Were Meghan And Harry's Mental Health Concerns Really Suppressed By The Royal Family?

During her sit-down interview with Oprah Winfrey that aired back on March 7, Meghan Markle opened up about the feelings of despair that she was experiencing while living in the UK. "I just didn't see a solution. I would sit up at night ... It was all happening just because I was breathing. I was ashamed to say it at the time and ashamed to have to admit it to Harry, especially, because I know how much loss he's suffered. But I knew if I didn't say it, I'd do it. And I just didn't want to be alive anymore. And that was a very clear and real and frightening constant thought... I thought it would've solved everything for everyone," Meghan candidly told Oprah, according to Marie Claire

Meghan went on to tell Oprah that she wanted to get help, but she was "told that [she] couldn't" because that "wouldn't be good for the institution," according to Entertainment Tonight. Harry has also struggled with his mental health over the years, which he opened up about in his series "The Me You Can't See" that aired on AppleTV+. And while some people have had their doubts about the things that Harry and Meghan have revealed, such as Piers Morgan, who has continuously said that Meghan is a liar, according to the Daily Beast, there is one person who is sticking up for the Duke and Duchess of Sussex — and that's co-author of the book "Finding Freedom," Omid Scobie. Read on for more.

Royal biographer appears to confirm Meghan Markle's claims about how her mental health was handled by the palace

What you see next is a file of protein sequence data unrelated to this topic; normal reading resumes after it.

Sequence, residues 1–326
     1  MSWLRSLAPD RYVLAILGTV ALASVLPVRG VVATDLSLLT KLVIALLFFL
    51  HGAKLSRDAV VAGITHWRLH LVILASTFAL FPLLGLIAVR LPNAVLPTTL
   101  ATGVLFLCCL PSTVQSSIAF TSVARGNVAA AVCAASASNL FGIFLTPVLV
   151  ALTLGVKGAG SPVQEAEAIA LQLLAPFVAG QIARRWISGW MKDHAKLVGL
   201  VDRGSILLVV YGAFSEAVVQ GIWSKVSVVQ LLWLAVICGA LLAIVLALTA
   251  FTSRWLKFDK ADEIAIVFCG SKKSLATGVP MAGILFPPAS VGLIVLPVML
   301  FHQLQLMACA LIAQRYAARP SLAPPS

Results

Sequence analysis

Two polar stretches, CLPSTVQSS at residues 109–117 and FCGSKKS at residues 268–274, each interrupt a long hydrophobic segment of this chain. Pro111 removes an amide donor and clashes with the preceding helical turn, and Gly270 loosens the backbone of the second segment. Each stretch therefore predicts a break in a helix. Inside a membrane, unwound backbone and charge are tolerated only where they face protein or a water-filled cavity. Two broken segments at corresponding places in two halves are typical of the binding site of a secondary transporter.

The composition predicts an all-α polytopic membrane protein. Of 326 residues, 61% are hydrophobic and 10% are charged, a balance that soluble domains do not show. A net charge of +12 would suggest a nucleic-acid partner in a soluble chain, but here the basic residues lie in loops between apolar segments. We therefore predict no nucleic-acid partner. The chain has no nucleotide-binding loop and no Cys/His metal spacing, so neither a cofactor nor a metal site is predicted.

Omid Scobie told "Good Morning America" that the reason that Prince Harry and Meghan Markle were so candid with Oprah Winfrey during their interview was because they wanted to "try and speak to some of those moments that many of us perhaps didn't understand over the last couple of years." The biographer explained that Harry and Meghan's decision to leave the UK wasn't about them wanting more or their desire to earn money "in a different way." It was about their need to ensure that they were both okay, from a mental health perspective.

Scobie went on to sort of confirm Meghan's statement about her mental health. "Actually what we heard was a story that helped us understand why they were so unhappy within that space as well, not only dealing with racism, but having their mental health suppressed or ignored by certain quarters of the institution," Scobie said in his interview with "Good Morning America," suggesting that the palace did indeed ignore Meghan's plea for help. "Those are things that are untenable for anyone, but we just didn't know at the time it was happening [that's what] was going on behind palace walls," Scobie added.

If you or someone you know is having suicidal thoughts, please call the National Suicide Prevention Lifeline at 1-800-273-TALK (8255) or text HOME to the Crisis Text Line at 741741.